This resource is hosted by the Nelson Mandela Foundation, but was compiled and authored by Padraig O’Malley. It is the product of almost two decades of research and includes analyses, chronologies, historical documents, and interviews from the apartheid and post-apartheid eras.
Political activist and South African ambassador to United States.
Barbara was born on 18 July 1941 in Johannesburg, the second of four children. She grew up in Witbank under watchful eye of her grandmother, until she went to Alexandra Township in 1952. She was raised in a politically conscious family. She went to the Anglican Primary School in Witbank and St Michaels Anglican School in Alexandra. In 1956 she enrolled at the Inanda Girls Seminary Boarding School in Durban where she completed her matric in 1960. and where she had an opportunity to meet with social and political leaders such as ANC president Chief Albert Luthuli.
Upon completing matric Masekela worked for New Age newspaper. After six months she enrolled at the Lesotho campus of University of Botswana and Swaziland. Masekela initially started studying towards a BA degree but in February 1963 she moved to Ghana where she contracted tuberculosis. She then moved to the United Kingdom for a year to receive treatment in a sanatorium. From the UK she went to the United States where she enrolled at Fordham University, New York in 1965 but she got ill again, and left the US.
Masekela came back to Africa and resumed her studies at the University of Zambia in 1967. In her third year of study she was involved in car accident and had to put her studies on hold. She then went to California to join her brother and from 1970-1971 enrolled at the Ohio State University and completed her BA degree majoring in English literature. In 1972 she taught at Statten Island Community College. She later moved to teach in the English Department of Livingstone College, Rutgers University, until 1982. In 1976 she took leave of absence to finish her MA degree.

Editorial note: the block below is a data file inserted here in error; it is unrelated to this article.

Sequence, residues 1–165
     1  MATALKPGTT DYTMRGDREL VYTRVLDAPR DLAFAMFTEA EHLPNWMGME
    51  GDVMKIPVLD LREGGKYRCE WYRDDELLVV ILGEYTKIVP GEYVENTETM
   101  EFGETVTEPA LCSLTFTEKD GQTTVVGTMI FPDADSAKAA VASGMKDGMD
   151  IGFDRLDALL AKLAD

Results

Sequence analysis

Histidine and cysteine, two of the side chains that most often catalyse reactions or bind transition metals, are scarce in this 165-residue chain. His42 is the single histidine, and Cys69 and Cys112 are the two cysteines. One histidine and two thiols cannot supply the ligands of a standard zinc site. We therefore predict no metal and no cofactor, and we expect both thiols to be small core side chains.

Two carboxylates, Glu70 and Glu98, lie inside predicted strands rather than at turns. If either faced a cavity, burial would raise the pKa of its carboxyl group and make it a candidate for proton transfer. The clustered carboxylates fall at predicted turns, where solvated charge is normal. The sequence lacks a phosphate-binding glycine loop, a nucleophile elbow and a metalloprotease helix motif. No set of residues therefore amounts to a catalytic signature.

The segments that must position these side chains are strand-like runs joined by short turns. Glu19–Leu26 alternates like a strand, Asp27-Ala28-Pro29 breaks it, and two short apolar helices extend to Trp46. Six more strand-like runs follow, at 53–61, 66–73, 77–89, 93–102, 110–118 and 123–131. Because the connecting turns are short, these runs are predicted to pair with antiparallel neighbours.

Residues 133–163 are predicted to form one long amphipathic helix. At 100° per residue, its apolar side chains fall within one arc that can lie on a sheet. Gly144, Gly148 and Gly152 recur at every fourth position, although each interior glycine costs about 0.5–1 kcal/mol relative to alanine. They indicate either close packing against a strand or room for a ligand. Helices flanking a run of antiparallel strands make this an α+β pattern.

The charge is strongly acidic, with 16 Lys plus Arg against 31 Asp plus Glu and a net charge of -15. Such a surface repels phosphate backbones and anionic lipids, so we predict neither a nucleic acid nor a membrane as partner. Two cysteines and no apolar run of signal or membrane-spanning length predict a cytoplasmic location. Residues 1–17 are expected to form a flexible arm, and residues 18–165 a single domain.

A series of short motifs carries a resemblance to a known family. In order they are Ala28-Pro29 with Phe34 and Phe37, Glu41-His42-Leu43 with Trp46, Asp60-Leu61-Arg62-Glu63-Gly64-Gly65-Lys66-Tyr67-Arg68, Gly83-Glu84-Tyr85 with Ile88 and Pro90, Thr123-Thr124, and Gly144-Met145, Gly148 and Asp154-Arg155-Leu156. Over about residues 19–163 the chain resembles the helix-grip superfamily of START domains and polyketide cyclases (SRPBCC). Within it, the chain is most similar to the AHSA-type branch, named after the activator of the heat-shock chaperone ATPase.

While in New York, Masekela became chair of the ANC's regional political committee for the US. She had a close working relationship with Johnny Makatini, the ANC chief representative at the United Nations. In the US Masekela addressed meetings and organised campaigns. She formed part of the exile team which constructed an anti-apartheid movement and galvanised millions of people to wage a war against apartheid. Her activities in US went beyond education and politics. She published a few poems and became involved in women issues.
In August 1982 Masekela returned to Zambia where she worked as administrative secretary for the ANC on a full time basis. In 1983 she was requested to head the ANC's Department of Arts and Culture, which she accepted.
In February 1990 when F W de Klerk unbanned liberation movements Masekela returned to South Africa. Upon her arrival she continued to work at the Department of Arts and Culture, based in Johannesburg. She later served the ANC as its fundraiser. She accompanied Nelson Mandela on trips to the US and to India.
At the ANC conference held in Durban in July 1991, Masekela was seconded to the ANC National Executive Committee. She served on the ANC negotiations commission and attended the December 1991 Convention for a Democratic South Africa (CODESA). Masekela was involved in the affairs of the ANC Women's League. She served the South African government at the highest level when on 8 September 2003, she became South Africa's ambassador to the United States.
Before she became ambassador she served as an executive director for public and corporate affairs for De Beers Consolidated Mines until March 2003. She previously served as a trustee of the Nelson Mandela Children's Fund and the Nelson Mandela Foundation. Masekela also held various executive and non-executive directorships, including director of the Standard Bank of South Africa, the South African Broadcasting Corporation and the International Marketing Council. She has also served as ambassador to France and UNESCO (1995-99).
Barbara has two children and lives in Johannesburg.
Gastrow, S. (1992) Who's Who in South African Politics, Number 4. Pp 171-173